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A century ago, on 22 March 1916, a hospital was opened in the grounds of St Fagans Castle – one of the hundreds of auxiliary hospitals set up by the Red Cross during the First World War.

Before the war the Red Cross had joined with the Order of St John’s to establish the Voluntary Aid Detachment Scheme (VAD). The aim of the scheme was to provide training for volunteers to assist the military hospitals in the event of war. Here, at St Fagans in 1909 the first detachment (VAD) in Wales was established with many others following soon after.

The Countess of Plymouth from St Fagans Castle was the President of the Glamorgan branch of the Red Cross and was instrumental in the progress of the society in the county. It was the Countess and her husband, the Earl of Plymouth, who offered the Castle gardens and grounds for hosting the VAD recruitment and training days. They later gave the Banqueting Hall over to the Red Cross to be used as an auxiliary hospital. The Hall had been originally built to host social and family celebrations but the large building with its extensive gardens was suitable for housing a small hospital.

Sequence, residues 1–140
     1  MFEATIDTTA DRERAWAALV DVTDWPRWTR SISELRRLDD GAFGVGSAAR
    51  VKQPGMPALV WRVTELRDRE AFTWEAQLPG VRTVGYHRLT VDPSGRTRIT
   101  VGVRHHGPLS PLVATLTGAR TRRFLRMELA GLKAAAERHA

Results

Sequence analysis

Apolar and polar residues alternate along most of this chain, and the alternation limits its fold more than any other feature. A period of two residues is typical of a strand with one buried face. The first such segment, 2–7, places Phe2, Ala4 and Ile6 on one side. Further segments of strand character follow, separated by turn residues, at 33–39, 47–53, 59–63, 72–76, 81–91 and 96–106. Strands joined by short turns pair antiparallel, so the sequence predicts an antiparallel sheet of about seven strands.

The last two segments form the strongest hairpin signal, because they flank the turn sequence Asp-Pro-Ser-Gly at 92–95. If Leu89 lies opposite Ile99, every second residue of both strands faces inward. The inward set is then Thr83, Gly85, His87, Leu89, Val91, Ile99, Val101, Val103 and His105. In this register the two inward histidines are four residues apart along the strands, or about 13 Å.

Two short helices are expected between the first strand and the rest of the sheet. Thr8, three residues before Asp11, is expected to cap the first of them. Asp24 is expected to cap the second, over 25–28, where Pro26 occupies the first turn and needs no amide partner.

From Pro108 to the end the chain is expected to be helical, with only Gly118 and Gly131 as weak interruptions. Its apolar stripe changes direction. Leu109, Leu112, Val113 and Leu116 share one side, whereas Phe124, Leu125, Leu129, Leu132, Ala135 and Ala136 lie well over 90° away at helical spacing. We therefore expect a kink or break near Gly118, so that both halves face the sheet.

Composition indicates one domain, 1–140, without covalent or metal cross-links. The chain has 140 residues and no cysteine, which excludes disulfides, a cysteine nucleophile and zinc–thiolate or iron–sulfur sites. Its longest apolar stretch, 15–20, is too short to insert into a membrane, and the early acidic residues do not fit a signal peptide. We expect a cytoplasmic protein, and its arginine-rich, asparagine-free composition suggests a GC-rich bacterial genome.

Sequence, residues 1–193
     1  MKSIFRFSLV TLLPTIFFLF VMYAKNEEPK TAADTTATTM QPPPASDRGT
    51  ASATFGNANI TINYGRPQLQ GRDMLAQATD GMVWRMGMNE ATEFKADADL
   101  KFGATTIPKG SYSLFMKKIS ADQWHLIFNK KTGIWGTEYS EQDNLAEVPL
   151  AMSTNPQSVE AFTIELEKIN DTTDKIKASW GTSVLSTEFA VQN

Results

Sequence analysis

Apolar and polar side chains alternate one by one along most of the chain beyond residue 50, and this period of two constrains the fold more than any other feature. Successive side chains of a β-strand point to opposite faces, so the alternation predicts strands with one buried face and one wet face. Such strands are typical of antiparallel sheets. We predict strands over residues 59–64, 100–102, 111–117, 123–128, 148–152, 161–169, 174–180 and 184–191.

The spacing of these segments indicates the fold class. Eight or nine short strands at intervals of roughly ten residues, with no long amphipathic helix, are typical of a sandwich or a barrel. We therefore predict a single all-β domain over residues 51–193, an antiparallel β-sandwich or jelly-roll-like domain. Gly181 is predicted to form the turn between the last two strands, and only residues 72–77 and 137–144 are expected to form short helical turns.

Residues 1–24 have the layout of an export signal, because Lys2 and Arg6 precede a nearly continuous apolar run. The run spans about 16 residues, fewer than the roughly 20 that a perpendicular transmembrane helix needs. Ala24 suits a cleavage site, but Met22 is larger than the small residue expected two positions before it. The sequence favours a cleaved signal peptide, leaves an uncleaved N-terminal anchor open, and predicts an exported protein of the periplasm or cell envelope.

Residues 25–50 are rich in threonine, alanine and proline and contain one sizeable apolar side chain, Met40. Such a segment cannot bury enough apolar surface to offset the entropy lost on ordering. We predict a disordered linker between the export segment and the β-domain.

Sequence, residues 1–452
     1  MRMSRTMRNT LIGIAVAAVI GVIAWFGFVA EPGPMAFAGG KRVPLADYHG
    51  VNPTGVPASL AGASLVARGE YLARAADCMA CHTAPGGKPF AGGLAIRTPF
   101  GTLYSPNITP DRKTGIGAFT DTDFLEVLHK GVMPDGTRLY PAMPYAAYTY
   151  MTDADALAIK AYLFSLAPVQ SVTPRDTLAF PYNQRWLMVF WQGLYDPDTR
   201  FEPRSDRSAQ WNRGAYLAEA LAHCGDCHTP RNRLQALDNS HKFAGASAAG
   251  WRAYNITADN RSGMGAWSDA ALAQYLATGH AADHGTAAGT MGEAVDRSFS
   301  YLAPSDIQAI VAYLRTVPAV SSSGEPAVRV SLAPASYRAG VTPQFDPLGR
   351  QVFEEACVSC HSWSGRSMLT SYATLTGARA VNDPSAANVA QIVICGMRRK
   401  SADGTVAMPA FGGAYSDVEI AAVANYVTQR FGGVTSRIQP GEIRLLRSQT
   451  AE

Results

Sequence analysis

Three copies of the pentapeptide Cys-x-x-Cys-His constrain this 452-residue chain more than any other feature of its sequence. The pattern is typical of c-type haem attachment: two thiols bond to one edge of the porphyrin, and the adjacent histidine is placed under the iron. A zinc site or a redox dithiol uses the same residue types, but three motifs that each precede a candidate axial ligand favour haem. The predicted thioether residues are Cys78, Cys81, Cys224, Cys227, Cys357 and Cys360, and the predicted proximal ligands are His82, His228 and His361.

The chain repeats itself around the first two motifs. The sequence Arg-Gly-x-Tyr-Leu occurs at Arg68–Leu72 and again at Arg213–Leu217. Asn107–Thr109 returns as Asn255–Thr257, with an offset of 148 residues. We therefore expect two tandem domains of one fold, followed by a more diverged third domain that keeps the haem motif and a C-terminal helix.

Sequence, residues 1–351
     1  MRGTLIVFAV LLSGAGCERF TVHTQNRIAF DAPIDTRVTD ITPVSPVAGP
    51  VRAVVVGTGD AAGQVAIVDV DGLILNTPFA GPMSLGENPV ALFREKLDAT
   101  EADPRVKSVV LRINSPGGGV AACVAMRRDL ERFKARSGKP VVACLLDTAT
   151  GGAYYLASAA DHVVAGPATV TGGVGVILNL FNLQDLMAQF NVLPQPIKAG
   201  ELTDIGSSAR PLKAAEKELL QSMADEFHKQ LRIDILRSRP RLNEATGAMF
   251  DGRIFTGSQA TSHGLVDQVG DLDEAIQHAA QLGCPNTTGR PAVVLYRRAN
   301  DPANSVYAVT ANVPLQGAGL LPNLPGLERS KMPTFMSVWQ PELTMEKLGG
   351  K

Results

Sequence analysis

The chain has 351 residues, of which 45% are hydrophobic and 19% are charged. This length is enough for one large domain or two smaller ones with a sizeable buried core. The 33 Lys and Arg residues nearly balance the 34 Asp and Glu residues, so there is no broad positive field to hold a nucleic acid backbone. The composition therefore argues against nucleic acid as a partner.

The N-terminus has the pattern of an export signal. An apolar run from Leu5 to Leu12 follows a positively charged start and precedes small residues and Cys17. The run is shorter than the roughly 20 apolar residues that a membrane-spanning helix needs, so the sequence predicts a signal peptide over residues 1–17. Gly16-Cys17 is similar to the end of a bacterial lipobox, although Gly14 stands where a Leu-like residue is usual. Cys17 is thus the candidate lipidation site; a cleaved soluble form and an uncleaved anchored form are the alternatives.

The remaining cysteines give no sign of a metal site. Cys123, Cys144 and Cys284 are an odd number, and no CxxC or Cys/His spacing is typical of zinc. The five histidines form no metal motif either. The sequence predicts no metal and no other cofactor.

It was the Plymouth’s who contributed to the majority of the necessary refurbishment. The hospital opened with 30 beds but within a few weeks another 10 beds were added. A year later, in 1917, the hospital had 70 beds including a new extension and sanitary wing.

Most of the nurses in the auxiliary hospitals were volunteers and members of the Red Cross Voluntary Aid Detachment. Each hospital had some professional staff too; a Commandant, a Quartermaster and a Sister-in-Charge. At St Fagans Hospital, most of the women were local, some of whom were in the service of the Plymouth family at the Castle.

Auxiliary hospitals assisted the larger hospitals and didn’t have the facilities to nurse severely injured soldiers. Many of the patients at St Fagans were transferred from the 3rd General Western Hospital in Cardiff, others were sent directly from the front line. We can’t begin to imagine how the soldiers had suffered before coming here to St Fagans. A century on, it brings comfort that this hospital would have once been a haven for many to begin to heal the physical and mental scars of war.

Twitter: #Hospital100 #Ysbyty100


Sioned Williams

Principal Curator: Modern History
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Anthony Hughes
11 April 2018, 17:15
Hello Sioned - thanks for taking my call earlier. Here's the link I mentioned to you - you'll see why I thought the nurse's hat interesting. If you find anything else, it would be great if you could let me know.



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